Now, let me kick over another chair by saying that “the left” is also a fetish. The struggle against capital is not one effort, but a multiverse of thousands of small, medium, and occasionally large struggles that center on one depredation or another in one place or another. We are involved in many “wars of movement,” and not one centralized “war of positions.” The struggle against capital shifts and slides. We cannot rely on strategy — as in large, centralized plans — but primarily on the tactical agility of many and variegated contra-capital struggles.

That said, let’s revise our military truism again: Every failure of every contra-capital focus is a failure of intelligence.

Capital has a vast, well-funded intelligence apparatus. They run the entire government. They collect and analyze intelligence constantly. Struggles against capital have none. We fly by the seats of our pants. And we lose. A lot.

The Sanders campaign provided a temporary but important strategic focus, and in retrospect a pretty good demographic snapshot of where voters are in the US and why. DSA at its current size was a beneficiary of that focus; but absent a national campaign with nationwide mobilization around a singular practice — voting — what’s left, as far as DSA, are 66,000 (-) unpaid, part-time organizers — mostly people under 40 with degrees, many with graduate degrees, in search of something to organize (among some, as a manipulative tool for recruitment into our vague organization).

In the kind of merger between intelligence and operations we used in the army, intelligence collection efforts were always determined by missions. Not strategies, missions. Missions are individual operations. They have a clear objective; and around that objective, intelligence considerations are pretty standard: What is our status — position, terrain, equipment, strength, capabilities, disposition? And what is the adversary’s status: position, terrain, equipment, strength, capabilities, disposition, and likely courses of action? Not what we speculate they will do based on past actions or our own theories, but what they are likely to do based on timely, detailed information. Every time you have to guess, there is a fairly good chance you will get it wrong. This is not about who has a better crystal ball. That’s egocentric bullshit. Timely, solid, detailed and contextualized information!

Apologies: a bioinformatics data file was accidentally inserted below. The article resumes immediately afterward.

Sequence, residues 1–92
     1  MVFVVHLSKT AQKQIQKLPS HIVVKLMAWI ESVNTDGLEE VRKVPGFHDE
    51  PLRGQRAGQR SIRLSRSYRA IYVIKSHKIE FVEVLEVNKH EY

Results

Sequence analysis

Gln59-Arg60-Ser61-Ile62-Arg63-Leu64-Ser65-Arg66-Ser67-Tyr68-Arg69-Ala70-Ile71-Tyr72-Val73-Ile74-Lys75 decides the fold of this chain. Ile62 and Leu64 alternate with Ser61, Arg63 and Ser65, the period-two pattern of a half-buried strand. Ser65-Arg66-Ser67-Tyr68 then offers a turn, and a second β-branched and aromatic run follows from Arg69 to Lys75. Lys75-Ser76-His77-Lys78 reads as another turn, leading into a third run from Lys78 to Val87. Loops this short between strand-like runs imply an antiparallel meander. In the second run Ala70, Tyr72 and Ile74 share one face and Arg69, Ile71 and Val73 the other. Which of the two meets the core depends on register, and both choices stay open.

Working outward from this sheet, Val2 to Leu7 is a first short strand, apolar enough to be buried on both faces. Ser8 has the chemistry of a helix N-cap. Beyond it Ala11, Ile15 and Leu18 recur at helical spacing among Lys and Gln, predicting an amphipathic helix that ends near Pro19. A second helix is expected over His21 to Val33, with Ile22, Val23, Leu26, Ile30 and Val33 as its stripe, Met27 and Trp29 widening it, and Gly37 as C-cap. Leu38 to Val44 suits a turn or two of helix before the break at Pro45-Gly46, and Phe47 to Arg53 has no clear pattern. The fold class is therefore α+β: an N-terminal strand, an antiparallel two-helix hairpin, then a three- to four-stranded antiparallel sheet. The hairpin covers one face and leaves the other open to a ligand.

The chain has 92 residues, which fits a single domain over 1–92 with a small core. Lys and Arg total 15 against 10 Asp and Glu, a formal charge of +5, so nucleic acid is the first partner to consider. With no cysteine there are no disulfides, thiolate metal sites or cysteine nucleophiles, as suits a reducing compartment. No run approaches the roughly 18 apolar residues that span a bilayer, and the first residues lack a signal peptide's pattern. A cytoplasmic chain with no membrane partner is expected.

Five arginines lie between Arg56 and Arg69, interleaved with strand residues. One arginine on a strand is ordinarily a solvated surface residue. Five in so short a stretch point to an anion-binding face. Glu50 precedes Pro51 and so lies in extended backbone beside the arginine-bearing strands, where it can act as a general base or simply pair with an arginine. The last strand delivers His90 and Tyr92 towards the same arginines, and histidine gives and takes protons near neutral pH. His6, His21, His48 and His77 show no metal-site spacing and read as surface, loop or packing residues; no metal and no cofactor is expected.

And intelligence is protean. It is a constant effort to standardize, aggregate, integrate, and update.

The movement’s G2

Academics — and I say this with respect to academics, many of whom are friends — are the most ill-suited organizers in the world. To start with, they are rooted by practice in academic pursuits. People who are confronting capital on the front lines (along capital frontiers) are not academics. They are generally born with skin in the game somewhere, somehow. Now, if we’re talking about graduate student unions . . . hell yeah! You have that standing. In most other things, however — no matter how well-intentioned — you are parachutists dropping in from the outside to offer “help.” And here is the crucial thing: those on the ground have already forgotten more than you’ll ever know about their own struggle. You do not have any answers for them! None! Your theories are not what they lack. You are not smarter than they are, and you have little to no standing in most cases to assume any guidance of their struggles. Their problems are not based on lack of theory (a class-biased notion of superiority).

Their struggles, however, are hampered by something with which DSA could help. They lack timely, sound, detailed intelligence. They need intelligence SUPPORT from people who know how to conduct research, gather information, and organize that information so it’s accessible and available to the real combatants.